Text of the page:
Thursday, January 30, 2014

The Super Bowl is coming to New York and other cool stuff.

Hey, weirdos, it's me: Coming at you live from my bed, having just cleaned the bathroom and managing not to do laundry for the millionth day in a row. I am clearly handling adulthood brilliantly. I am the envy of the modern world.

I've officially been in school for four days (go me!) and I've learned loads. Allow me to enlighten you.

Some Stuff I've Learned Since I've Been Back At School:
1.) lots of French curse words
2.) the "pigeon hole" concept in maths
3.) how to pull a hamstring
4.) how to nurse a pulled hamstring
5.) that not having any classes before 12:30 pm is the best thing in the whole world
6.) the fact that everything I thought I knew about writing essays is apparently wrong
7.) that Ernest Hemminway was a brat
8.) how to apologize to a girl who hates you

It's been an eventful few days, basically.

I also discovered another thing, and I've been thinking about it a lot lately, and it's this: I think perhaps the defining trait of writers is an understanding that writing is truly the only thing they can do with their lives, even if they are capable of other things. Writers seem to understand the sense that having to write, for some reason, is inevitable. I've felt it since the fifth grade.

I went to my new creative writing class (it's three hours and fifteen minutes long (!!) and I'm so jazzed about that) and my new instructor was surprised when I told him it was both my second workshop class and my second semester in school, and he asked how long I'd been so "seduced by the thought of being a writer." The truth is I've been seduced by the idea of it my whole life and when I told him that he laughed and said, "Aren't we all?" And it's true. There's this sense that like, I could go to law school or I could be an actress or I could study architecture, but also that I can't. This is the only thing I can do or I'll just burst or something. And I don't know, maybe that's a very normal thing that everyone in the whole world feels about their specific career or life path and that writers just talk the most. That sounds like a very plausible thing.

There's this brilliant essay by Joan Didion called "Why I Write," and she ends it saying this: "...This 'I' was the voice of no author in my house. This 'I' was someone who not only knew why Charlotte went to the airport but also knew someone called “Victor.” Who was Victor? Who was this narrator? Why was this narrator telling me this story? Let me tell you one thing about why writers write: had I known the answer to any of these questions I would never have needed to write a novel." So I'm pretty obsessed with that.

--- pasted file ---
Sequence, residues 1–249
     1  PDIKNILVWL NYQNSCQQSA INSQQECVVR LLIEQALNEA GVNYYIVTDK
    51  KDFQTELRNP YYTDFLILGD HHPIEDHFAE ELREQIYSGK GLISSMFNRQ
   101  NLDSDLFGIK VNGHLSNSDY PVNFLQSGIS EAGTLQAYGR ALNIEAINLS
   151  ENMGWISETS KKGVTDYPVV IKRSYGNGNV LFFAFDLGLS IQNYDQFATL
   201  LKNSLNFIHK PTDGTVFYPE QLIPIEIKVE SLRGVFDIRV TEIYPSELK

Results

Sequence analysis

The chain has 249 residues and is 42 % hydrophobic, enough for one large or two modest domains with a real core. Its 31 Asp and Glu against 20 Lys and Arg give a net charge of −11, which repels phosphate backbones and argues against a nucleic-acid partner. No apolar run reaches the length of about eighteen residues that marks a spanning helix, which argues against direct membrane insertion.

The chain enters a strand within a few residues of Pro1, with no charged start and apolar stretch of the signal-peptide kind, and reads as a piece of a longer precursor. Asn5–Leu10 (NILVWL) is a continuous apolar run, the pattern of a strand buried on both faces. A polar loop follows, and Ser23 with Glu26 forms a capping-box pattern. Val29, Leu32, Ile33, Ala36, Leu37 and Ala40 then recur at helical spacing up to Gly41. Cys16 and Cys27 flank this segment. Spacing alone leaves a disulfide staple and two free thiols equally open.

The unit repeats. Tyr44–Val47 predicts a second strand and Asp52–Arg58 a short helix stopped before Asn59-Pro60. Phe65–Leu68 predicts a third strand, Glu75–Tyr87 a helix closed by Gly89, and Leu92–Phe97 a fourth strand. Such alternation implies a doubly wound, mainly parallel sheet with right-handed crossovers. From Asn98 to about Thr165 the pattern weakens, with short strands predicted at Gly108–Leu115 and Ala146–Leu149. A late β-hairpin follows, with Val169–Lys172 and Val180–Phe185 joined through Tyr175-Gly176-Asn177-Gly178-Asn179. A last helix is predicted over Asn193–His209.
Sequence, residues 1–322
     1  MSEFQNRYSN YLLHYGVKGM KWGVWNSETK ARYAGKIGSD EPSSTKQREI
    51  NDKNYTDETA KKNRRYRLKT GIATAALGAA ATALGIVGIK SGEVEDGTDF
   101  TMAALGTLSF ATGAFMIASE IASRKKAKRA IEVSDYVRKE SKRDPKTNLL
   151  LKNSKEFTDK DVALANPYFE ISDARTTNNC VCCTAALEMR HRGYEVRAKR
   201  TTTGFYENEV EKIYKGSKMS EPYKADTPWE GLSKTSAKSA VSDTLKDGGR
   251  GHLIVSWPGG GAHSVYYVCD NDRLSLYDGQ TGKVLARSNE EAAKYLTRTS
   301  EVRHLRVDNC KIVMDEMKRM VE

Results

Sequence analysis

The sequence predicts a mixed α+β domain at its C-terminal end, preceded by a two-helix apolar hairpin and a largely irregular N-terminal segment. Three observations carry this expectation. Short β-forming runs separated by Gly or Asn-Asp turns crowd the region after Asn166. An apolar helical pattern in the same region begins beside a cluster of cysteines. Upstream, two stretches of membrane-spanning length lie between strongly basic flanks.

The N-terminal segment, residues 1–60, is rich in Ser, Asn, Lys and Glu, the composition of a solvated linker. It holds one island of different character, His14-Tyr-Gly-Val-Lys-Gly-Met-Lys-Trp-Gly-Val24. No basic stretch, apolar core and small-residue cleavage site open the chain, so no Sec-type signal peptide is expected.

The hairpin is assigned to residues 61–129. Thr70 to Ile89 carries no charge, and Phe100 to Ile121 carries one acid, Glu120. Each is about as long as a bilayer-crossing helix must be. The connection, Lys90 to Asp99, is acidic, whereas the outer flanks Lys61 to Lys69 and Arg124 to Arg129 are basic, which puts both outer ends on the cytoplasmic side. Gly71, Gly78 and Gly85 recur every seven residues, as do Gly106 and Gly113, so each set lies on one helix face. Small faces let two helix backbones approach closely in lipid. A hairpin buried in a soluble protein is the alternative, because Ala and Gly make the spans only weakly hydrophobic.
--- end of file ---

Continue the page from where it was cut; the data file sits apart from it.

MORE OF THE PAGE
In other news, I miss my BFF soul twin sister baby Kaitlyn Lindley a lot this week. She was the queen of bloggers and we wouldn't be friends if it weren't for some weird pre-teen blogs we both kept. She's out slayin' it on an LDS mission in Philly and I miss her and her letters make me laugh always. The last one she sent me has a very long paragraph in all caps about how we used to eat frosting out of the container "even though that is so bad for our arteries."

I guess what I'm saying it that I'm still learning to deal with change. I still think a lot about what life was like when me and Kaitlyn and Avery ran the world and high school happened and how my entire universe was encapsulated inside of a little valley in Utah. I've never been great at change, and that's something I'll freely admit, so sometimes I think about how I packed up my entire life (almost 6 months ago now!) and moved to the other end of the country, and how that was just such a wild thing to do, but also it was something (sort of like writing) that I've known for my entire life that I was going to do. I can't help but be struck almost every single day by the fact that everything happens for a reason and I wouldn't go back or change it or do anything differently even if I could. There's an old Arabic proverb that is just "What is coming is better than what is gone," and I think about that a lot, because it's true. Life is about loving where you are, or you'll turn into a pillar of salt, probably.

Anyway, I guess that's about it for today. Have a happy weekend. And also enjoy this super cool song by my favorite rapper, Stromae, who's this Belgium dude who everyone's gone (understandably) nuts about lately. French rap forever.

Okay, wait you need a couple more from Stromae because he's my number one jam.

That's all. Bye, guys.

Oh, wait, happy Super Bowl weekend. Go... team. Yay sports. I have to care about this because the Super Bowl is coming to New York City (or, really, New Jersey (ugh)) and everyone here is 1000000% crazed about that and I love New York the most, so I'm also being thrilled about the world series of football because it's like my duty as a New Yorker or something -- and yes, I am a New Yorker; don't pull the whole Sex and the City, "You have to have lived in New York for 10 years to call yourself a New Yorker," because that's lame.

Okay, now we're actually done. Over and out.

"Art is what you can get away with." -Andy Warhol

1 comment:

allison october said...

"There's an old Arabic proverb that is just "What is coming is better than what is gone," and I think about that a lot, because it's true. Life is about loving where you are, or you'll turn into a pillar of salt, probably."

I don't think you have ever written a thing that I have not loved. If writers are seduced, it is GOOD writings that attract them in the first place, and yours are just so gorgeous.